New Electric Vehicle due to Morgan and Zytek

The pretty impressive autoElectric-Vehicle-Morgan-Zytekmobile Morgan Aero Super Sports would go green in the appropriate future.

As we know the standard line it has a lightweight aluminium body, with a hardwood and leather cockpit and most important, a top speed of 273 km/h (170mph) developed by the 4.8 litre BMW V8 engine.

Morgan and Zytek Automotive planned to replace the standard engine with an electric motor of 70kW. As a result of this project the new Electric Morgan +E will be made in two copies. If the experience proves favourable as representative of British automakers says, “further developments” will follow.

The electric motor of 70kW (300 Nm) derives from a Zytek model that is currently supplied to some American Electric Vehicle manufacturers. The electric motor will be mounted in the transmission tunnel, with connections for cooling water, high and low voltage electrics. The total electric power will be supplied by a lithium-ion battery pack which is integrated into the electric vehicle aluminium chassis.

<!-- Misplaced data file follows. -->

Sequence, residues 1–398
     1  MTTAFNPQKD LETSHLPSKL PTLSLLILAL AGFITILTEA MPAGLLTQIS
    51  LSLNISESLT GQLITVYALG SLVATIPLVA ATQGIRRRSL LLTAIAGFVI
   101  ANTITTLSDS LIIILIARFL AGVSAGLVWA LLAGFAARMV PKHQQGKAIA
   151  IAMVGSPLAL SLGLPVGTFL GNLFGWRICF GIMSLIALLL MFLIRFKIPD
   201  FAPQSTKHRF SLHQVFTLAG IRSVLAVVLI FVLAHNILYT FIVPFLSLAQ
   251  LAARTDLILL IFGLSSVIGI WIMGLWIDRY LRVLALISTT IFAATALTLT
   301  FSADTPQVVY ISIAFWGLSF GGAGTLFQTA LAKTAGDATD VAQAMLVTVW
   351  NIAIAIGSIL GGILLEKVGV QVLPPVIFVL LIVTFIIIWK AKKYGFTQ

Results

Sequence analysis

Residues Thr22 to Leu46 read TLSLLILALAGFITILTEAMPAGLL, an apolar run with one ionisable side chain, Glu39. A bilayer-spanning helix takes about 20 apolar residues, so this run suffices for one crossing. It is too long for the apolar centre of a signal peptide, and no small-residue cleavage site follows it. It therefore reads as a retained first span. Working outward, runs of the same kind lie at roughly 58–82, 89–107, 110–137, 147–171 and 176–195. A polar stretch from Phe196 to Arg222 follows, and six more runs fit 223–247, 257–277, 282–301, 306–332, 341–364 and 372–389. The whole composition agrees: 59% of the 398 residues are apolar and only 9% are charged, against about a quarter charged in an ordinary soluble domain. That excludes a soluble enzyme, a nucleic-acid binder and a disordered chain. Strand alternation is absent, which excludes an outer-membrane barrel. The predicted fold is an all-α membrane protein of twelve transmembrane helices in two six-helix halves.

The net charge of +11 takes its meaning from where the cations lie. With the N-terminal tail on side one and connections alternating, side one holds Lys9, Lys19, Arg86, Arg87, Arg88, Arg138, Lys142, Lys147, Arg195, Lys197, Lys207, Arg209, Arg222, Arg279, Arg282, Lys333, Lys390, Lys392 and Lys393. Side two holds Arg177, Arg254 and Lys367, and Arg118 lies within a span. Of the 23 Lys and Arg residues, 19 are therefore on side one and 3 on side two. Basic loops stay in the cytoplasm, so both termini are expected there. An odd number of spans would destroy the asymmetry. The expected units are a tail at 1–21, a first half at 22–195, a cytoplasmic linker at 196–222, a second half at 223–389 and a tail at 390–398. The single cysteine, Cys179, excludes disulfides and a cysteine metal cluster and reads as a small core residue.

For anyone who likens driving an electric vehicle to driving golf carts will be glad to find out that Electric Morgan +E will keep the SuperSports manual transmission. As Zytek engineering program manager Neil Cheeseman stated: “Keeping the motor in its sweet spot will help it use energy more efficiently, which will increase the vehicle’s range” and “It also allows us to provide lower gearing for rapid acceleration from pull-away and higher gearing for top speed.”

 The Morgan/Zytek collaborative project has received funding from the CENEX-run Niche Vehicle Network CR&D Programme, which promotes the application of new technology for making low-carbon vehicles more marketable. Morgan previously received funding from the group for development of the new version of its iconic Three Wheeler. Work on the two +E’s began in July, and should be completed by January. Morgan is also working on a fuel cell-powered prototype automobile, known as the Lifecar.



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Posted by on October 12, 2011. Filed under Electric vehicles. You can follow any responses to this entry through the RSS 2.0. You can leave a response or trackback to this entry

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